Each one of us has our own unique rhythms and in order to live the healthiest and most productive lives we can I feel it is crucial that we develop the tools to revitalize.
This post was published on the now-closed HuffPost Contributor platform. Contributors control their own work and posted freely to our site. If you need to flag this entry as abusive, send us an email.

As a dancer with the New York City Ballet, it was extremely important for me to learn how to unplug and recharge in order to endure the rigorous demands of that lifestyle. Not only was I pushing my body to the limit -- rehearsing all day and performing every night for months at a time -- I was doing it while struggling with type 1 diabetes.

If I hadn't focused on how to pace myself and take care of my mind and my body, my performances would have suffered in the short term, and in the long term I would have burnt out years before I actually stopped performing.

The strategies I learned throughout my performance years has served me well today as a ballet teacher, author and diabetes motivator. When I take time to de-stress at different intervals of the day I re-energize; and I am then able to give my full focus and attention to what I am doing.

Here are some things that work for me:

In the morning, before I start my day, I take a moment to breathe. I lie on the floor in a position I learned from my Feldenkrais teacher (Feldenkrais is a modality of movement, www.backrescue.com). I can feel my breath going in and out and I feel the blood circulating throughout my body. This helps to calm my mind while I allow my thoughts and feelings to flow through me. I find it's a great way to transition from sleep into the business of my day.

By midday I usually need another break. I have always found that food can soothe and nurture me so I always give myself enough time to have a relaxed and comfortable lunch.

Food is a charged subject and should not be used to numb out emotions, stress and anxiety. Learning what to eat has been a very long process for me, both as an athlete and as a person with insulin dependent diabetes. I had to learn which foods would give me strength, satisfy my appetite and emotional need for comfort, while keeping my blood sugar levels stable.

My remedy has been to identify what my craving is for, and then choose the healthiest alternative. The result is that my body is more balanced, hence my blood sugar levels as well, and that trickles down to my cravings and moods.

My favorite healthy snacks include nuts and seeds, and avocadoes. I also happen to like vegetables and I play around with different ways to prepare them with tasty sauces: nut butters, tahini, virgin coconut oil, flax oil, hemp oil, extra virgin olive oil and pesto sauce. Coconut butter (ask for it at your local health food store) is especially yummy and calming to me.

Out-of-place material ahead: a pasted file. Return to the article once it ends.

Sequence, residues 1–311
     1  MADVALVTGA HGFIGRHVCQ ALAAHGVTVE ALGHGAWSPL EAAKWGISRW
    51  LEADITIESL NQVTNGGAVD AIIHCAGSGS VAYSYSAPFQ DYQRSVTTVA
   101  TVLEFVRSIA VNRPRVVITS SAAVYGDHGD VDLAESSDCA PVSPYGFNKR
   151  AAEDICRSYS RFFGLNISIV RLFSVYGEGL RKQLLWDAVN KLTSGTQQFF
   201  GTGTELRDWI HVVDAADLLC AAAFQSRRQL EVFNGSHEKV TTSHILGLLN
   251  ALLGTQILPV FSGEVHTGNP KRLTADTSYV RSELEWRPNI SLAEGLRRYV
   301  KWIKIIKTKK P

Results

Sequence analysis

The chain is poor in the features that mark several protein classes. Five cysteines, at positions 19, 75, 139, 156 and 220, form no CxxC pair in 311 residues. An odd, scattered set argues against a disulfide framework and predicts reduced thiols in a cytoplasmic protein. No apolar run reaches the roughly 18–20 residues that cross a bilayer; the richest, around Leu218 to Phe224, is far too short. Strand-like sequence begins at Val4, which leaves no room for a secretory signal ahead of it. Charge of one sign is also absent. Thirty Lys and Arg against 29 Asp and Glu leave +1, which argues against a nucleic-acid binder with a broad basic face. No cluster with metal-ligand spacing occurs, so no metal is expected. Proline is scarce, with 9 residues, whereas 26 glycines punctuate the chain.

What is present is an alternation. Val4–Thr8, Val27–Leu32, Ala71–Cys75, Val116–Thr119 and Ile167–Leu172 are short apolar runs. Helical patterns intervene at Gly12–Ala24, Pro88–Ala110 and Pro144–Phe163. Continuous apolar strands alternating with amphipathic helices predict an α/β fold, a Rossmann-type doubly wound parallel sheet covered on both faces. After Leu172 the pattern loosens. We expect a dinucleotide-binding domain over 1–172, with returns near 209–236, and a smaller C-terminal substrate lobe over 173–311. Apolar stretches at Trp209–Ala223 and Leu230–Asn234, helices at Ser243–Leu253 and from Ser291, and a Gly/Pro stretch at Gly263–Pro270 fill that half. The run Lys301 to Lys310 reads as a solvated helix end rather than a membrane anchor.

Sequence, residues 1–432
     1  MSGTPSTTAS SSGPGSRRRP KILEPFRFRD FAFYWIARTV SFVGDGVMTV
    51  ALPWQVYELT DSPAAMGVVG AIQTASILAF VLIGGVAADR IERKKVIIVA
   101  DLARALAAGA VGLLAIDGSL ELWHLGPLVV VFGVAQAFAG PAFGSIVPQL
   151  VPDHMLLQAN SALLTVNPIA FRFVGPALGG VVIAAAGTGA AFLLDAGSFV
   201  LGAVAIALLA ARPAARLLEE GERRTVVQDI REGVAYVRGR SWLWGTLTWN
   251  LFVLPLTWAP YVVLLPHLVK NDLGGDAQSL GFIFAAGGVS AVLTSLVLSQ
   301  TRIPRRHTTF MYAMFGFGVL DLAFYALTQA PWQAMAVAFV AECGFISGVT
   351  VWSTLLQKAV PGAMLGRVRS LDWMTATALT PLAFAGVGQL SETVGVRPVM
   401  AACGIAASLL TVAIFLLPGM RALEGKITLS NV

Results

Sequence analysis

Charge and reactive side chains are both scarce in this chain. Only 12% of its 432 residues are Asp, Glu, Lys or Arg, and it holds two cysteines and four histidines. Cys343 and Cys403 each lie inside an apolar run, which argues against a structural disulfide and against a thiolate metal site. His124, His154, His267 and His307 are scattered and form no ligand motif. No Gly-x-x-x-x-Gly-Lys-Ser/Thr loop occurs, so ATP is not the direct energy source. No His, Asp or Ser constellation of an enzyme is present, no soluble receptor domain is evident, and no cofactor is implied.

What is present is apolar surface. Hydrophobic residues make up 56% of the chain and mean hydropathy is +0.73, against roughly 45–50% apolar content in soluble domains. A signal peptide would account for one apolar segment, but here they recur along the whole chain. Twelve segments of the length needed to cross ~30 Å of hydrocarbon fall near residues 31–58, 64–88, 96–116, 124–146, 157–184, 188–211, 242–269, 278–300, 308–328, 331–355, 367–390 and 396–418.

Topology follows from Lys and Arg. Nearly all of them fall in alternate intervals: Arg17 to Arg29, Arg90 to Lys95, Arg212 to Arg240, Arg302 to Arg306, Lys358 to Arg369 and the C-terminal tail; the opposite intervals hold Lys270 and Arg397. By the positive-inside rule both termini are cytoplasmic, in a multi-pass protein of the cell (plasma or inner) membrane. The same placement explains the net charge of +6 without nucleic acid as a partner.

One of my favorite times of the day is the early evening. I try to get out for at least a 20-minute walk. I'm lucky to live where I can look at the sun setting over the ocean, the mountains, all the while taking in the scent of the flowers.

Just as I begin my day with a gentle warm up, it is equally, if not more important for me to give myself the space to wind down before I go to sleep. Mentally, physically and emotionally, if I do not take the time to "check in" with my internal dialogue in an un-pressured and peaceful environment I will have a hard time sleeping at night.

At different intervals during my performing years I suffered from extreme insomnia. The physical demands of my athletic schedule affected me most intensely at night when I found it very difficult to relax my body and quiet my mind. Every thought and feeling I had inside, but had not taken the time to pay attention to during the day would consume me and I would find myself up for hours.

It has taken me many years and much experimentation to learn healthy sleep habits. I take the time to listen to the inner chimings of my mind, and as I do in the morning, I use breathing exercises to unwind and quiet the chatter.

Many years ago I learned this particular breathing exercise from my continuum teacher (continuummovement.com), which I still find very helpful:

I close my eyes and begin to breathe in deeply through my nose. I fill my lungs as much as I possibly can, and then when I need to exhale, I let the air seep out through my nose like air coming out of a tire. I repeat this 3-4 times, slowly and gently. When I practice this breath my body relaxes and my mind slows down.

Sometimes something as simple as talking to a friend on the phone, playing with my cat, or sitting down with a good book can be all I need to lift my spirit and replenish my energy. Each one of us has our own unique rhythms and in order to live the healthiest and most productive lives we can I feel it is crucial that we develop the tools to revitalize. I have learned to give myself permission throughout the day to stop and refuel my tank, and in turn I experience a better quality of physical, mental, and emotional health.